Anne Hallowell Reich was a Staff Member with QLF’s Marine Bird Conservation Project in Harrington Harbor, where she worked with Dr. Kathleen Blanchard in the early 1980s. During her time with the program, Anne led field ecology programs for local children on St. Mary’s Island, helped generate a community commitment to seabird conservation, and conducted research that would become the basis for her master’s degree in education at Cornell University. Since then, Anne has engaged in a life-long career as a community steward, environmental educator, writer, and mother. Anne and her husband, Peter Reich, live along the St. Croix River in Minnesota, where bald eagles and trumpeter swans are their neighbors.
Marine Bird Conservation Project, Harrington Harbor, 1980, 1981
Community Service, St. Mary’s Island, 1982, 1983
I grew up in a family of naturalists, surrounded by wild animal pets and a spirit of curiosity and adventure about the natural world. We children spent hours freely exploring the woods, fields, and pond near our New Jersey home. I developed a deep love for nature that inspired me to study field biology in college. When I was twenty-one, I began a summer job with the National Audubon Society on Hog Island, Maine, that would change my life, introducing me to a vibrant community of people, including Kath Blanchard, who were committed to environmental stewardship, teaching, and research.
Post-college, Anne taught elementary science at the Potomac School, McLean, Virginia, and continued summer work with Audubon. She brought seabird research into the classroom, engaging young students with a puffin behavior study that she and Kath conducted in Maine. By this time, Kath had joined QLF, and her Marine Bird Conservation Project was taking off. Anne would soon join Kath for summer work with the project.
My time with QLF provided new perspectives on teaching and community engagement that would eventually impact my work later in life. QLF friends Kath, Larry Morris, and Tom Horn also introduced me to the possibility of pursuing graduate studies in natural resources and environmental education.
Anne left classroom teaching to co-author and illustrate a field guide to native ferns, Fern Finder, and then enrolled in graduate studies at Cornell University. She returned to the Quebec North Shore as a QLF-affiliate to conduct research for her master’s in education. Her research, Environmental Education and the Illegal Harvest of Seabirds on the Quebec- Labrador Coast, built on the work she had done with QLF. While at Cornell, Anne met her husband, Peter Reich, who is currently a University of Minnesota forestry professor studying impacts of climate change on terrestrial ecosystems.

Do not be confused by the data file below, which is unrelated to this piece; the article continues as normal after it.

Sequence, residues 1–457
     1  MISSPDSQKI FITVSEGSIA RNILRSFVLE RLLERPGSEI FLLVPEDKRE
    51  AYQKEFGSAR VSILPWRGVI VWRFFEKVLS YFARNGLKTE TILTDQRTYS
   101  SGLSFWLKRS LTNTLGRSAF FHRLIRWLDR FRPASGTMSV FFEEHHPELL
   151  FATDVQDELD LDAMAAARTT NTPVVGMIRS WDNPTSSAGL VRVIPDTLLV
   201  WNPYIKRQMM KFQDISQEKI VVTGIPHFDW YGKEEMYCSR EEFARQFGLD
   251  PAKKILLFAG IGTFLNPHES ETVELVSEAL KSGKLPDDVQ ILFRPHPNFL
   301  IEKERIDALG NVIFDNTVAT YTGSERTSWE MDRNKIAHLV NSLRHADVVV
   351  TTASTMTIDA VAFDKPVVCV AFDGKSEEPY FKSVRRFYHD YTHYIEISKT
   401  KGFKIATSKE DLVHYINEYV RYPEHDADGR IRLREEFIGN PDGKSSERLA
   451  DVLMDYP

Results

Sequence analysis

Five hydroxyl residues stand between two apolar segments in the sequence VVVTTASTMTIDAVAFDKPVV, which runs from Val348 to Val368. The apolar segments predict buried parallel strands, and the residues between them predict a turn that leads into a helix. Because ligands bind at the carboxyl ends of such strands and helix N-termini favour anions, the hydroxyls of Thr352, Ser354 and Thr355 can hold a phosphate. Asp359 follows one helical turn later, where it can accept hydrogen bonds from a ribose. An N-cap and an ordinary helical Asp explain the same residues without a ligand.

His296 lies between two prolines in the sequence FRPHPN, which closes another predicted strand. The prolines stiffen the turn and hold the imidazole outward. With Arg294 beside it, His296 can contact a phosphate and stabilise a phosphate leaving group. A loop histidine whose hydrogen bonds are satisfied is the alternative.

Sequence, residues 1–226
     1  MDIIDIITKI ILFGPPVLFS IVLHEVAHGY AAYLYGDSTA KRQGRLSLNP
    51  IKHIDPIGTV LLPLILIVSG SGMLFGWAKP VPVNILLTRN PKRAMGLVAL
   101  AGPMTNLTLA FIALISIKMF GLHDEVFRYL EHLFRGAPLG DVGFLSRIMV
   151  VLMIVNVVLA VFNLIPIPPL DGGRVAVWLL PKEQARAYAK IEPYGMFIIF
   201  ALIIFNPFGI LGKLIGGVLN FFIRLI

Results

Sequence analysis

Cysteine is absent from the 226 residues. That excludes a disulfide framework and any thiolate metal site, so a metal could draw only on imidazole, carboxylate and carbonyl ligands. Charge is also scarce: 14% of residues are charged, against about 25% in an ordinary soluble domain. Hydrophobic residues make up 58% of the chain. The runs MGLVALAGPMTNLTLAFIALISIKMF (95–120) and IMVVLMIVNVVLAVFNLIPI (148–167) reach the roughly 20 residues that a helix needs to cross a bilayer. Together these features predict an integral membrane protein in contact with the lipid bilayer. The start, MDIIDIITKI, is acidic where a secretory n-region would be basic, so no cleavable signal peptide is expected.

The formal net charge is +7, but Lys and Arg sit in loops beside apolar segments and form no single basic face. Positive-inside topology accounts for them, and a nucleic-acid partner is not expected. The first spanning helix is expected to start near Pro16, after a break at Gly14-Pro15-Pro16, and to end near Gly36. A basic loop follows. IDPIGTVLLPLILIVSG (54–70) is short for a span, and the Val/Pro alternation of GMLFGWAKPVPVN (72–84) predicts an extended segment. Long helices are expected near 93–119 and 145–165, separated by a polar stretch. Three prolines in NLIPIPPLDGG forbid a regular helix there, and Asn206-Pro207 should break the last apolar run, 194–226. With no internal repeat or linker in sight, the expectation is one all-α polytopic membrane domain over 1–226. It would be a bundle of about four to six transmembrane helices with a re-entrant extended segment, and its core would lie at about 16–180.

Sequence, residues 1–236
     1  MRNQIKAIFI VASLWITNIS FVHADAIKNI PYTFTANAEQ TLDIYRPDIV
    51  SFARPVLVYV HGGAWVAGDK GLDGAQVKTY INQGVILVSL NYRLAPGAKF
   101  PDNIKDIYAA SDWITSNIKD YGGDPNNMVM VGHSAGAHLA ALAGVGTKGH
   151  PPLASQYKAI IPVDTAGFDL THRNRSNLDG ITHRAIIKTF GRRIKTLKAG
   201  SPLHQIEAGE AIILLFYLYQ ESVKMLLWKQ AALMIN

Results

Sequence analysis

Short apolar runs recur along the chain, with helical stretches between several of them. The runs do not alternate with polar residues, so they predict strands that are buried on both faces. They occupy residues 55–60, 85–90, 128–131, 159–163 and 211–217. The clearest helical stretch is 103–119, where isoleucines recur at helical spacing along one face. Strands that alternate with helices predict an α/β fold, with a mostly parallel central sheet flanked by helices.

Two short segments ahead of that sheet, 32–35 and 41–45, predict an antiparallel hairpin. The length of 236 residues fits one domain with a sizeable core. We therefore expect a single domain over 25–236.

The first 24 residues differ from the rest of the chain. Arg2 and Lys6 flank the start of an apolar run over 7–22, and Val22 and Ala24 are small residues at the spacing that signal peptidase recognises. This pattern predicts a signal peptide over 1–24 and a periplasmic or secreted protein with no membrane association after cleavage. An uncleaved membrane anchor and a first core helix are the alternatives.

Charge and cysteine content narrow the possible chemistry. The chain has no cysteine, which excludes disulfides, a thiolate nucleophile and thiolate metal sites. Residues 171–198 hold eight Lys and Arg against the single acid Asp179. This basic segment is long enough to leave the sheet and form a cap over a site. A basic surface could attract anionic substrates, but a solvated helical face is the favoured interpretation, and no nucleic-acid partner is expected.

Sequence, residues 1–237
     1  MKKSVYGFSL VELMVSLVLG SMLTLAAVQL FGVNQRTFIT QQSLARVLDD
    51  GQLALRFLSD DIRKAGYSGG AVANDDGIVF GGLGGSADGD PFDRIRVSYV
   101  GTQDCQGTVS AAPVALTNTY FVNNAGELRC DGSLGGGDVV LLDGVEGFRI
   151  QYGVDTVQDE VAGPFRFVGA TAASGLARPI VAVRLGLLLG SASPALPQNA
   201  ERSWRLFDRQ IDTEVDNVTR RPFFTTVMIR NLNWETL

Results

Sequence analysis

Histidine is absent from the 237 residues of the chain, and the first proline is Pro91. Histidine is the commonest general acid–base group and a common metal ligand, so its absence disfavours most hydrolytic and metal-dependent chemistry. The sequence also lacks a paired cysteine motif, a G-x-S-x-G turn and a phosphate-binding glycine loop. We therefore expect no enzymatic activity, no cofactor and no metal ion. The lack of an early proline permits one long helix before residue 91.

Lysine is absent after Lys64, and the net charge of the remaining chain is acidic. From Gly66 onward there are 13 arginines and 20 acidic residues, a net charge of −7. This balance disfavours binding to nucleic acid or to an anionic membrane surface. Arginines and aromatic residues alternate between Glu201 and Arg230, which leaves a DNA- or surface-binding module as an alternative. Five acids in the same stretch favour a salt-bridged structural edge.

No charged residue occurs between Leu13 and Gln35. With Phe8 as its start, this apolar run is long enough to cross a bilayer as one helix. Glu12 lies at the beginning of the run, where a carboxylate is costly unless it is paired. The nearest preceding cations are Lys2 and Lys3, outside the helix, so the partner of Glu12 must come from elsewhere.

Anne’s time with QLF was an early milestone in what would become a long and rich career. She worked as an editor of educational publications for the Wisconsin Department of Natural Resources and as a prairie ecology educator in public schools in White Bear Lake, Minnesota, where she organized planting of school prairie gardens and developed related science activities. Much of her focus has been on volunteer community-sustainability projects, which have included assisting with the Minnesota GreenStep Cities program in her town; serving as botanist for a historic sawmill land restoration project; helping initiate construction of, and coordinating tree planting for, a natural playground at an elementary school; working with the community to raise funds to install a 10 kW wind turbine at a local high school for education and clean energy generation; helping create a community garden; coordinating community global climate and energy education programs; serving on the library board; and working on behalf of public education funding initiatives.
In reflecting on her time with QLF, Anne concludes: While I did this kind of work through the years, there were certain lessons from my time at QLF that always remained relevant. Among these were the importance of basing projects in the community context, the need to listen, the power of polite persistence, and the imperative of engaging key players who can share ownership in a project’s process and its successes. When people work together, good things happen, and not only can it be satisfying to share in the accomplishments, it can also be great fun. Engagement in environmental stewardship is every bit as important in small town Minnesota as it was in small fishing communities along Quebec’s beautiful North Shore. Everything is connected.